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Green Day's "Father of All..." is mainstream rock music's eulogy

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"Father of All..." is Green Day's most soulless creative effort of their entire career.

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In the summer of 2018, a leaked Green Day album circulated amongst the internet. 

While unconfirmed, the leak came complete with singles, artwork, studio footage and the title “Magnum Opus Of The Inglorious Kind.” The leaked music sounded genuine to Green Day’s music, but in actuality, the leaks were part of a calculated viral scheme by a Canadian pop-punk band by the name of Panicland. The songs were made as a “fan fiction” project, with band members aiming for how they personally want a new Green Day album to sound like. 

From the “leaked” material, Panicland aimed for the grandiose rock-opera approach akin to “American Idiot” and “21st Century Breakdown” while borrowing both from the pop and punk portions of Green Day’s catalog.

Panicland’s Green Day fan-fiction project in the year 2020 sounds more like Green Day than Green Day.

When Green Day released the title track for “Father of All…” as the lead single, the band completely shed what was left of their distinct musical identity. In an attempt to create “100% pure, uncut rock,” the band sonically travels back to the early 2000s to partake in generic rock trends they missed out on while making “American Idiot.”

Billie Joe Armstrong’s fuzzed out vocal performance is unrecognizable and unintelligible, as he ridiculously attempts to capture the essence of rock music through one of rock’s worst periods of time. 

The album artwork for “Father of All…” is a symbol for Green Day’s artistic process behind the album itself. The scene of a drugged-up unicorn vomiting directly onto an “American Idiot” album backdrop is the perfect symbolism for what Green Day accomplishes on their new album.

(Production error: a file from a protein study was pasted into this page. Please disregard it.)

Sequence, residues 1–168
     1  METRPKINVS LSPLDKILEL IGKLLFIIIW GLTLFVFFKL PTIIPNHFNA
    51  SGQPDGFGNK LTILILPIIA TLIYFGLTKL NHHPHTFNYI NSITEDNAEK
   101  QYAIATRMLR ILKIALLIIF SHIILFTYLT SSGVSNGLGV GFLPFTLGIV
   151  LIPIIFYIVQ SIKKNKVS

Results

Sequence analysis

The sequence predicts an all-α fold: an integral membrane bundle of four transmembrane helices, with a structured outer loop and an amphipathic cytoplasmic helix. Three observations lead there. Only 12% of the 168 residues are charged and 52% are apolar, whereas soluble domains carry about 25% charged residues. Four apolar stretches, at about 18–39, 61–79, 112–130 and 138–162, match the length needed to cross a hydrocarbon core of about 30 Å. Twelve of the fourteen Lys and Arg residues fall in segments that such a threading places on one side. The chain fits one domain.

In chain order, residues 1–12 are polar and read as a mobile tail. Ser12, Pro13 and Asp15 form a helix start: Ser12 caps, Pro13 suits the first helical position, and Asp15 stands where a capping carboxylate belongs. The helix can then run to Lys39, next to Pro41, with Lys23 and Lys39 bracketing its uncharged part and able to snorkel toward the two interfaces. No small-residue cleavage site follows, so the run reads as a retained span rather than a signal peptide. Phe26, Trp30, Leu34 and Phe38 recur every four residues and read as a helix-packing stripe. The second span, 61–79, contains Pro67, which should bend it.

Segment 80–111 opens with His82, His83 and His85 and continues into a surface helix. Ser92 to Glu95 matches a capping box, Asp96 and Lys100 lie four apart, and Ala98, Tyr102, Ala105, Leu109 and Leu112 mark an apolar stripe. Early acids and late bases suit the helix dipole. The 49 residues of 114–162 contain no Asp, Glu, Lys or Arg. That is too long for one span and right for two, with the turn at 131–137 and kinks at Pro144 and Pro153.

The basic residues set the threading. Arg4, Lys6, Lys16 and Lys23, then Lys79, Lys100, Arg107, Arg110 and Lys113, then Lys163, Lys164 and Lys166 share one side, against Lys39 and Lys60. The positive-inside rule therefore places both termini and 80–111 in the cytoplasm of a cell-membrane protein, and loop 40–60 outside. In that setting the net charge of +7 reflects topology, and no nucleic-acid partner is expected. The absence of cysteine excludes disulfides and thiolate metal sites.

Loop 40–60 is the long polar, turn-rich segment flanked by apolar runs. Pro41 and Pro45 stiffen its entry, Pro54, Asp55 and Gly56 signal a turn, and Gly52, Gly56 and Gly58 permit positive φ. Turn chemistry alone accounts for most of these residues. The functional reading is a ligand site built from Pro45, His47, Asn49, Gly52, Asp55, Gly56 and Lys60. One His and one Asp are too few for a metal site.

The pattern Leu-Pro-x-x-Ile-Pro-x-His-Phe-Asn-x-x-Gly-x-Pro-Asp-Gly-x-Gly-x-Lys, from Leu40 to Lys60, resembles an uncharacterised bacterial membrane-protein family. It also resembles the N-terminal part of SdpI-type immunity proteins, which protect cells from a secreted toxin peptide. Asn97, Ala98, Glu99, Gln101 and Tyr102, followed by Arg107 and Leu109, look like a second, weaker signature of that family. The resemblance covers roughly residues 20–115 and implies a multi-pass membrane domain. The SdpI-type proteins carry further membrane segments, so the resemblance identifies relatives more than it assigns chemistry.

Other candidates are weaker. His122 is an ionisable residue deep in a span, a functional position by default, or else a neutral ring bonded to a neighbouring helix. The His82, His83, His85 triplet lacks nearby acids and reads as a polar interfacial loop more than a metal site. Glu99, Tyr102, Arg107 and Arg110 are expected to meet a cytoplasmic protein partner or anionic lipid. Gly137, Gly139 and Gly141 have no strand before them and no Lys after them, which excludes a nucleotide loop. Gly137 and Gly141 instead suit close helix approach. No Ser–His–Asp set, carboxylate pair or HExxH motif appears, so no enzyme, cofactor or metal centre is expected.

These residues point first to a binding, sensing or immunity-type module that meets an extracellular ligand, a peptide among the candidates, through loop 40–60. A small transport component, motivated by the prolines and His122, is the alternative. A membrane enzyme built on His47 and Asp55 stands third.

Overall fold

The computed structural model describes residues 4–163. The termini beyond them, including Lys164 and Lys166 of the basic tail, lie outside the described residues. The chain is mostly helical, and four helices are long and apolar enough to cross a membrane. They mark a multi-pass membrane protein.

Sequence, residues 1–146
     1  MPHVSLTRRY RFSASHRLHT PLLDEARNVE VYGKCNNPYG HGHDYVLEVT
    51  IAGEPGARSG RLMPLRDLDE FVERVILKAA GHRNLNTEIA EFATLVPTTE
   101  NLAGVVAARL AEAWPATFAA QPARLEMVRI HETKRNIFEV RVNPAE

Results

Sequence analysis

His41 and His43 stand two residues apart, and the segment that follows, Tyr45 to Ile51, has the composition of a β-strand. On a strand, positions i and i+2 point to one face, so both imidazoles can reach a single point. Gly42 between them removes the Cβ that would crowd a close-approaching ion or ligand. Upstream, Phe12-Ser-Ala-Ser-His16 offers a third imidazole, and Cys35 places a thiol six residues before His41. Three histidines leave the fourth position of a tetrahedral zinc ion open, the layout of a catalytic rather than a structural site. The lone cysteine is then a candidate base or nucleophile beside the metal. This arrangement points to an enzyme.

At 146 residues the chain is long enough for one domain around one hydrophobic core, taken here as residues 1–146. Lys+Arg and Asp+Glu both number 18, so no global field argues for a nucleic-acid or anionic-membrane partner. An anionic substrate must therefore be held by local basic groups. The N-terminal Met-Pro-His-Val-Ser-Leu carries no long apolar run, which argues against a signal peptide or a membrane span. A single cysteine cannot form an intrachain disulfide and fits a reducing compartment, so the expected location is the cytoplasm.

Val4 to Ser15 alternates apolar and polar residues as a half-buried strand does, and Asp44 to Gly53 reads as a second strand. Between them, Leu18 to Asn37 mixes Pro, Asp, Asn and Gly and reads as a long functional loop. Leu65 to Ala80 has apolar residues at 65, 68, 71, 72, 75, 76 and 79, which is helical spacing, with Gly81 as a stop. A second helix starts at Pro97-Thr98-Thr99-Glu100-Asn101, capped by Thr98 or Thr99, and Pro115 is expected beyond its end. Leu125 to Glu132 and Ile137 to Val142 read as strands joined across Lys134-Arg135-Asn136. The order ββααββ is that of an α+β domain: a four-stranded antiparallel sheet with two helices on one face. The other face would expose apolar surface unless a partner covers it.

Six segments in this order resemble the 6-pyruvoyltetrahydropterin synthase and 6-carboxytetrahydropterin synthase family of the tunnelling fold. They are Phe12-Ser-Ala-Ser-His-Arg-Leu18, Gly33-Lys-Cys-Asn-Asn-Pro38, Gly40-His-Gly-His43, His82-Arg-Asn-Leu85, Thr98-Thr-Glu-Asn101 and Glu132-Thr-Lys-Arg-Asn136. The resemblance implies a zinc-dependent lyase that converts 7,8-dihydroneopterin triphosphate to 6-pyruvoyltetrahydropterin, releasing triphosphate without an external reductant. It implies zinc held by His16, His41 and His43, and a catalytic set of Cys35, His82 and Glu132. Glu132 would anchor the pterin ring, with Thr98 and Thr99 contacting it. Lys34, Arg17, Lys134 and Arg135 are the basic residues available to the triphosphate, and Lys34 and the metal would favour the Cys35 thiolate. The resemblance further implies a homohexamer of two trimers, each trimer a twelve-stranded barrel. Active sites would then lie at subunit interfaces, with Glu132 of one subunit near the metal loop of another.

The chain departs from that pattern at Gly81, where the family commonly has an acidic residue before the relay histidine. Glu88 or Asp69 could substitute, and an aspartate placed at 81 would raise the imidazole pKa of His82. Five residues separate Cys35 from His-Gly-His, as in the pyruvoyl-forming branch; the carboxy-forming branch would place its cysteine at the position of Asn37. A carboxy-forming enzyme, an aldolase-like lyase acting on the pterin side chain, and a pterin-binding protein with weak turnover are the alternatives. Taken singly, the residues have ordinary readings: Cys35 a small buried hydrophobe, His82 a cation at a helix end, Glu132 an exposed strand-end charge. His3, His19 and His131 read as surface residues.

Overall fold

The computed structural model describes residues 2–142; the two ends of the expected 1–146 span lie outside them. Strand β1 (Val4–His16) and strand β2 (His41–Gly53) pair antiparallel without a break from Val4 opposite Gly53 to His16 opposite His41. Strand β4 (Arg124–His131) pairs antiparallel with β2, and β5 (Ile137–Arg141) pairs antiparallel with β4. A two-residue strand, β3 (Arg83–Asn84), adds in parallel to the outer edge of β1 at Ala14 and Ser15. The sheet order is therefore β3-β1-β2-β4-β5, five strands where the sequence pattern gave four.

While “American Idiot” isn’t Green Day’s peak in quality, the album stands out as a memorable artistic change of direction and is clearly the band’s most defining career moment. The sound Green Day possessed on “American Idiot” contained enough originality to stand out in a rock market shared by a garage rock revival trend that ultimately overstayed its welcome. 

What pushes “Father of All...” from just a cheap attempt to champion rock music in the mainstream to a flat-out insult to Green Day’s own audience and rock music itself is the album’s own superiority complex. The album’s own marketing attempts to prop “Father of All…” up as a revitalization of rock music, but what “Father of All…” ends up doing in 26 minutes is embed the soullessness of mainstream rock music into the listener’s brain as the final nail in rock’s coffin. 

Most of the tracks on “Father of All…” feel like fodder for the upcoming “Hella Mega Tour,” neatly packaged with hand claps and sing-a-long lyrics simplistic enough to instruct a massive arena audience to participate. 

None of the tracks make enough of a case to warrant individual examination; it’s more accurate to collectively describe the track listing as a nightmarish slideshow of dead sounds. It’s a fever dream of Madden commercials.

For a fan fiction Green Day album like “Magnum Opus of the Inglorious Kind” to exist and attract attention, a market for it must also exist. Panicland’s fake album scheme is an example of why a band playing to their strengths and understanding their audience is a more worthy artistic endeavor than making desperate attempts to wedge themselves into the mainstream. 

Mainstream rock’s gatekeeping tendencies and increasing lack of self awareness continues to be its downfall in the case of “Father of All….”

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